Rumlow acted like he'd made a joke. "Yeah. With a gun in his hand, he's scary as fuck. Wouldn't have wanted to deal with him before the chair though. We have to zap him into line enough as it is."

Steve managed not to punch Rumlow through a wall. He focused on watching the ice on the inside of the window melt because it was better for his self-control than seeing the absolute stillness of the face on the other side of that glass.

"Two minutes from thaw," the woman in the labcoat announced, and Rumlow left the room to bring in the men with guns.

"Is that necessary?" Steve asked.

"Maybe he's deteriorated since your day," Rumlow said, "but it's a good idea to have security on hand when he first wakes up. He can sometimes be a little... erratic."

"He'll be perfectly compliant once he's been processed," the scientist said.

The tube slid upwards. Bucky, dressed in black leather and still far too pale, staggered forward. As he stumbled, Steve rushed forward without thought, catching him before he hit the floor. Bucky blinked at him, a puzzled frown settling on his face.

"I know you," Bucky said.

"Yeah. You know me."

He lowered Bucky down to sit on the floor because he looked like he would just topple over if he left him and the only seat in the room was that awful chair.

The scientist started to say that she should put him in the chair. Steve grabbed the gun out of the hands of the man nearest to him, and shot the scientist between the eyes before anyone could react. Then he dove into the middle of the other men, partly because he wanted to reduce the usefulness of their guns by getting in a position where they were as likely to shoot each other as him, but mostly because he really, really wanted to punch them. A lot.

Two of them went down before they'd even really started to fight, but Rumlow was tougher, and the numbers meant that Steve had to put some effort in, dodging blows and landing punches with enough force to slow them down. When he kicked one guy through the chair, the shower of electric sparks and accompanying screams were thoroughly satisfying.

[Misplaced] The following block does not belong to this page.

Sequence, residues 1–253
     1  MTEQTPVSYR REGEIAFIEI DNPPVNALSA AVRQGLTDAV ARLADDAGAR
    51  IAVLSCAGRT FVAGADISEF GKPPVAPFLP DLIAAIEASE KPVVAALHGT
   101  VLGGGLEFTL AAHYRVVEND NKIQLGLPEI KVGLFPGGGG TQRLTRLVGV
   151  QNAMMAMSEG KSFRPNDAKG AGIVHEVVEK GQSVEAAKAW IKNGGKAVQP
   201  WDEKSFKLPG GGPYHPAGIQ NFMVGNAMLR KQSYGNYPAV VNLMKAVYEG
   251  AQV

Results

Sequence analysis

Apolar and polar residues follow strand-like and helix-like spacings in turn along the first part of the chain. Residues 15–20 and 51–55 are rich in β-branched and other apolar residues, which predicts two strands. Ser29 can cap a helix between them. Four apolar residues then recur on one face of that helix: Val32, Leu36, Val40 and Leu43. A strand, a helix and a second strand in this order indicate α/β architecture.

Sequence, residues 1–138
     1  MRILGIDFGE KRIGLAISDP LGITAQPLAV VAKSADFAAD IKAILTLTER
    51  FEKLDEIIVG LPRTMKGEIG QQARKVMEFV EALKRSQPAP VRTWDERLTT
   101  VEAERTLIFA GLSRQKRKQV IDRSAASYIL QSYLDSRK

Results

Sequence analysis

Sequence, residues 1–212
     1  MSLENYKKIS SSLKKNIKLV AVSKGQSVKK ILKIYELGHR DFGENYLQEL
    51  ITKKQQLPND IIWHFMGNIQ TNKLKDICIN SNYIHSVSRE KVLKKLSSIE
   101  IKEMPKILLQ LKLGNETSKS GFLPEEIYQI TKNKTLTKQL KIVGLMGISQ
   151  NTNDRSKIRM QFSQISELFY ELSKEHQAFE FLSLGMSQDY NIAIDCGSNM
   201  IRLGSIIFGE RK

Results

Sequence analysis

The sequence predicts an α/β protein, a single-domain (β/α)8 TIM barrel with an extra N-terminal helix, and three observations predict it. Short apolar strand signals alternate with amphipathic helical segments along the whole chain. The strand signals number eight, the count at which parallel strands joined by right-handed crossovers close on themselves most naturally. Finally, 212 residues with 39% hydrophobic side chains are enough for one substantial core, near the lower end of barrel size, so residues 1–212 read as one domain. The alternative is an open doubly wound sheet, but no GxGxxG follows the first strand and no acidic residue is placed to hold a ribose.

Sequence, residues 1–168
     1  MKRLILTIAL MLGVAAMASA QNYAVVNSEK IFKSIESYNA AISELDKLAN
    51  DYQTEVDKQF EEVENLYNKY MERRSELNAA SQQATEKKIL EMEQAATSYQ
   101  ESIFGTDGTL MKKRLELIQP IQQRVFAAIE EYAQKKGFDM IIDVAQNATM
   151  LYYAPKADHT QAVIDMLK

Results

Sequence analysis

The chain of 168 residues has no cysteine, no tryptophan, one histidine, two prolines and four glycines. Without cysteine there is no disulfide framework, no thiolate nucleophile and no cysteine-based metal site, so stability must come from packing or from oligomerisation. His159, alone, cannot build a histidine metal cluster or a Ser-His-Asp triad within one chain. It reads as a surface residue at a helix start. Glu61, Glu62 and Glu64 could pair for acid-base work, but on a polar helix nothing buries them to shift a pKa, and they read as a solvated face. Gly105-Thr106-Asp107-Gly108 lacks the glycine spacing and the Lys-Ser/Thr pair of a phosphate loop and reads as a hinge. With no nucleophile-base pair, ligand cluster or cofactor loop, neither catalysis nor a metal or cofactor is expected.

Soon it was down to just him and Rumlow, and Steve was not going to show any mercy. He kicked Rumlow's legs out from under him and then pinned him, punching him in the stomach, solar plexus, and face for good measure. He didn't particularly care if Rumlow was able to get up again after.

A gunshot rang out.

Steve was on his feet and dodging away before his ears had finished registering the noise, but it was Bucky who held the gun. Another armed man had entered the room while Steve was fighting Rumlow, and now that man was on the ground, a bullet hole perfectly placed between the eyes. Bucky must have picked up one of the weapons that had been dropped in the fight.

"When will you learn to watch your own back?" Bucky murmured, speech slightly slurred.

"Don't need to. That's what you're there for." It had been a long time since Steve had been able to finish that joke. He felt he could cry from the experience now, but they weren't out of the woods yet.

Bucky blinked at him. "I know you."

"You know me. I'm Steve."

"Steve."

Steve could help remembering another lab. He half-expected Bucky to comment that he'd thought he was smaller.

"It's going to be okay, Bucky."

"Who the hell is Bucky?"

"You are. You're Bucky. You're my friend. It'll be okay now. I'm going to get you out of here."

Except there were people upstairs and Bucky didn't look like he was in any position to walk. It wasn't like he could call an ambulance because Steve wasn't sure how the hell he would explain all these bodies. He needed help. He needed someone a hell of a lot better prepared than him for dealing with secret labs full of evil spies.

He pulled out his phone and found the number he'd put in there only a couple of days before.

"Hey, Natasha. I might need your help tidying up a mess."